Does One Show Equal One Star?

*Spoilers for How to Get Away with Murder*

Nina Dobrev from The Vampire Diaries, Sandra Oh and Patrick Dempsey from Grey’s Anatomy, Alfred Enoch from How to Get Away With Murder, Connie Britton from Nashville…. Those are just a few examples I managed to list when first thinking about the question of lead characters leaving their hit tv shows. It is not uncommon by any means. However, with the recent announcement Bridgerton’s Rege-Jean Page will not be returning for another season, fans have threatened to boycott the show. There is an expectation that once a lead actor moves onto other projects, the former show is no longer worth watching. What does this tell us about our viewing habits? And, most importantly, is it right?

Becoming attached to a character is an unavoidable aspect of viewership as we become emotionally invested in the lives of fictional worlds. In a lot of ways, this highlights the superb quality of the shows we are watching because they draw us in and make us commit. Whether that be because a character has a heart-breaking backstory, a good development arc, or just a great six-pack, everyone has a preferred character and if a casting choice has been well made, we cannot help but become devoted to character and actor alike. However, this can often lead to disappointment when a character departs from the show, often with no hope of return. Yet to give up on a show for this reason can often mean you’re missing out on the best bits still to come.

Stare Into My Eyes GIF by NETFLIX
From Giphy

When one character leaves a show, the door opens for focus to be moved to other characters. This was the case when (spoiler!) Wes Gibbons was killed in How to Get Away With Murder, allowing more time in the 15-episode season arcs to be devoted to other characters. Sometimes a character arc is simply complete and there is no more story to be told, as is the case for the Duke in Bridgerton. Arguably, these tv shows can maintain their entertainment quality by moving onto new material instead of forcing a story out of a character whose journey is over. I thought this was particularly the case for Chad Michael Murray and Hilarie Burton, who left the show One Tree Hill after the sixth season. With six years of storylines under their belt, it felt like the right time for their characters to move on. I may be slightly biased as I was undoubtedly #TeamNathan, but regardless this led to the introduction of new characters for the show’s seventh season which continued successfully.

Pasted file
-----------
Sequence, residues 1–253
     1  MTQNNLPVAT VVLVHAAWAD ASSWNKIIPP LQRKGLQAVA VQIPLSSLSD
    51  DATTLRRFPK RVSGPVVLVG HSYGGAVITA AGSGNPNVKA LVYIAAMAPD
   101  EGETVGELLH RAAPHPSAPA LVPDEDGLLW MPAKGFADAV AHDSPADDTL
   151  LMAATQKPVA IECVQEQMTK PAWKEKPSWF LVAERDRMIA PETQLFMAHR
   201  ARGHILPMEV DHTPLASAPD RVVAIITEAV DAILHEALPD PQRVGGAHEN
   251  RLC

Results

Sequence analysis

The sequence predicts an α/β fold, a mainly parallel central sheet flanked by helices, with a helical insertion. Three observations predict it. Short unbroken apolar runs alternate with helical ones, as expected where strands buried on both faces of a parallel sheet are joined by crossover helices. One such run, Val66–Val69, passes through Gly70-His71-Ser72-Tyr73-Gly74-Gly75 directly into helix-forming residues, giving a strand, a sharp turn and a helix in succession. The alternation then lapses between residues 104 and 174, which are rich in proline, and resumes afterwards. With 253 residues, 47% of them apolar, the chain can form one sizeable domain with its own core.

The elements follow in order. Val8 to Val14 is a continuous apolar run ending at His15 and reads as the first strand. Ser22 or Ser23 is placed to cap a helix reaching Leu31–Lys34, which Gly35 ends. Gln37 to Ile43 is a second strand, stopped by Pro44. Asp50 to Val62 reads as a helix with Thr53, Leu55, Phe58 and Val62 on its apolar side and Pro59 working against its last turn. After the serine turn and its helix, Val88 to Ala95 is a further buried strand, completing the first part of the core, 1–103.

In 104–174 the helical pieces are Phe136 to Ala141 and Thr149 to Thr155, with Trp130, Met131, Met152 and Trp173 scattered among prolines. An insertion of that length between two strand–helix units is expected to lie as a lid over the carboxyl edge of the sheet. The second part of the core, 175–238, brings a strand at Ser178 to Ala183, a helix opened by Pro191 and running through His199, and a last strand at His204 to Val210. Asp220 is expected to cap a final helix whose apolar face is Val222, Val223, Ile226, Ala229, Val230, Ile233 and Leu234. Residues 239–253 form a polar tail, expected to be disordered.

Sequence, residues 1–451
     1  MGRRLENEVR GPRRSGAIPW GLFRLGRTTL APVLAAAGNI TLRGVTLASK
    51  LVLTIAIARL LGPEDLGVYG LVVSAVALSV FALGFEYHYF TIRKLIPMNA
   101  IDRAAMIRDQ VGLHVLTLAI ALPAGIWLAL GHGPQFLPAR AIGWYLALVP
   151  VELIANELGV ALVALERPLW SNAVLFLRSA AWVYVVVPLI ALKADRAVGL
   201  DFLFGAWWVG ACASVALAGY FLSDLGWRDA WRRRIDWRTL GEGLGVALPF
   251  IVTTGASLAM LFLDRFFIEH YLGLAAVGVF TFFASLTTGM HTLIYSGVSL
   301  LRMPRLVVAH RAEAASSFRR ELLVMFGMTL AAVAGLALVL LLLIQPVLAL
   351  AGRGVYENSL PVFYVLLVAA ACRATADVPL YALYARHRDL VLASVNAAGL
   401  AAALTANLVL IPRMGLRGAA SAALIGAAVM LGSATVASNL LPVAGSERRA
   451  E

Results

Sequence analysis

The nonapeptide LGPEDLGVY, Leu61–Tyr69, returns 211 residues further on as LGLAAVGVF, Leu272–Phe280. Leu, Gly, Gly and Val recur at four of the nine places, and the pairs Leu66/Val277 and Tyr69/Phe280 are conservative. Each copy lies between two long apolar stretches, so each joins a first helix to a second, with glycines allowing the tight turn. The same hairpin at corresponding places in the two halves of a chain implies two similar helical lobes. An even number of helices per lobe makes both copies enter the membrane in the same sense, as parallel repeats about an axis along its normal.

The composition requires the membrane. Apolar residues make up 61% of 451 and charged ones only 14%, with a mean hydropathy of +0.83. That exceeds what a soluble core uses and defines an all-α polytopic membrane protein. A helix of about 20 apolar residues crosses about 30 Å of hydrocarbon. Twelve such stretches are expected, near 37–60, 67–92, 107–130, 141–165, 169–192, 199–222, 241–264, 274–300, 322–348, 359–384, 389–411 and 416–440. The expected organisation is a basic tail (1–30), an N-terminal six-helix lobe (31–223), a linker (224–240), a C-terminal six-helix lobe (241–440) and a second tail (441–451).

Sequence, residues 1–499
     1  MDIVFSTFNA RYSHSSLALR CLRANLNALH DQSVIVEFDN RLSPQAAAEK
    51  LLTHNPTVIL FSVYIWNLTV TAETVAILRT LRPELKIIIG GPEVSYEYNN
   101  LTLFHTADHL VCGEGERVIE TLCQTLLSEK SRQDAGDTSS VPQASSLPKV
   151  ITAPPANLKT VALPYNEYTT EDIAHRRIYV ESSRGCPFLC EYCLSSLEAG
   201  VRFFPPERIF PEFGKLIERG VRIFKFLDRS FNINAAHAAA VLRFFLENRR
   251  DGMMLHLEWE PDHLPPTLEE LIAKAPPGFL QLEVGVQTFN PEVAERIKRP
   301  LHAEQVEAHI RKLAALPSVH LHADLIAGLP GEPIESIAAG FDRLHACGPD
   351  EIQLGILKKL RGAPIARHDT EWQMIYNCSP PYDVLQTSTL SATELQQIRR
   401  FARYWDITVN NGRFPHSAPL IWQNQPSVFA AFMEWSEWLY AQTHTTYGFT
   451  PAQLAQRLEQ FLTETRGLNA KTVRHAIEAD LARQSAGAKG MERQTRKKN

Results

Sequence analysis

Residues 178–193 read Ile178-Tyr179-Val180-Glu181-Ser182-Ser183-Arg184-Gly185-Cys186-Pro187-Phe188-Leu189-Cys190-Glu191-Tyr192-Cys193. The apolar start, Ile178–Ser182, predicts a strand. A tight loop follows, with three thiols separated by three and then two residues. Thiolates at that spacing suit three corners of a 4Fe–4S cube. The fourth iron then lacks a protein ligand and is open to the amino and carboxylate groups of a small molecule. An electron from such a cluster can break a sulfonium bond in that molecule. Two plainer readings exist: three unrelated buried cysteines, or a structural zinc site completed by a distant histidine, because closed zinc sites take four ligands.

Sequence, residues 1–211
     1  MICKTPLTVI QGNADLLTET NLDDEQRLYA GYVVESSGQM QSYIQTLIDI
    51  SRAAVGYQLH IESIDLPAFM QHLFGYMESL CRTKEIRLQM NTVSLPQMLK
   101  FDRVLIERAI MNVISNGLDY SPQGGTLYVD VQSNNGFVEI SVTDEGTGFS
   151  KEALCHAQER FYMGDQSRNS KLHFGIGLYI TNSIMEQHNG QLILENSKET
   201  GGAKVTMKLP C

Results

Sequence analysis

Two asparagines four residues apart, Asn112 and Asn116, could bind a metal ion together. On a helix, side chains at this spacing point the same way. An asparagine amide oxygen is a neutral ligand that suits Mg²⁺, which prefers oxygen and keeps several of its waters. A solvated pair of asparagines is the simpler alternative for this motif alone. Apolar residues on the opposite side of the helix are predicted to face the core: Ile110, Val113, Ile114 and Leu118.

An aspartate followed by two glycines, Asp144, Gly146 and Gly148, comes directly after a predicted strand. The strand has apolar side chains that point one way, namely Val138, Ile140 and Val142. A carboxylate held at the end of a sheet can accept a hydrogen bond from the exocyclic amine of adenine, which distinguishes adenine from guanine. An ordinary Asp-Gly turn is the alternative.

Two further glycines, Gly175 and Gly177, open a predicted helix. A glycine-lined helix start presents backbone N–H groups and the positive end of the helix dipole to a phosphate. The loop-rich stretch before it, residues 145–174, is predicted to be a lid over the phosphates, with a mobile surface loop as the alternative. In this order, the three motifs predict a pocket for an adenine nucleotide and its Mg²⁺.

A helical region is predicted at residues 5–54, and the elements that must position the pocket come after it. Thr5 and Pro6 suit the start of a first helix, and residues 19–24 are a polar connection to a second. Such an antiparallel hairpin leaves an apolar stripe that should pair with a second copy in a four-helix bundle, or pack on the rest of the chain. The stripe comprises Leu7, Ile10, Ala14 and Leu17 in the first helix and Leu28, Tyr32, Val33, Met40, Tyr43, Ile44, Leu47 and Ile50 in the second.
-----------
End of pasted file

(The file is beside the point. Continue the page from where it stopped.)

Leaving the show also gives the opportunity for the actor to move onto bigger and better things – surely something we, as viewers, would highly anticipate. Our dedication to the character should transfer to the actor and, therefore, show support for their new endeavours. We wouldn’t have Killing Eve if Sandra Oh decided to remain as Christina in Grey’s Anatomy. We wouldn’t have Beauty and Beast with Dan Stevens if he had not decided to depart from Downton Abbey. An actor moving on can be viewed in a more positive light, and if the rumours surrounding Rege-Jean Page as the next James Bond prove true – I’m sure he will not disappoint.

Our viewing habits are not going to change overnight. Television networks exploit our tendency to obsess and adore by casting heartthrobs in major roles and creating characters we cannot help but fall in love with. It is, admittedly, a sign of a good tv show. Watching a show for one character is perfectly normal and, in some ways, encouraged by show creators. However, don’t let that be the end. Tune in again and you just might be surprised.

-Aime Greenhalgh

Featured Image Source: UnSplash

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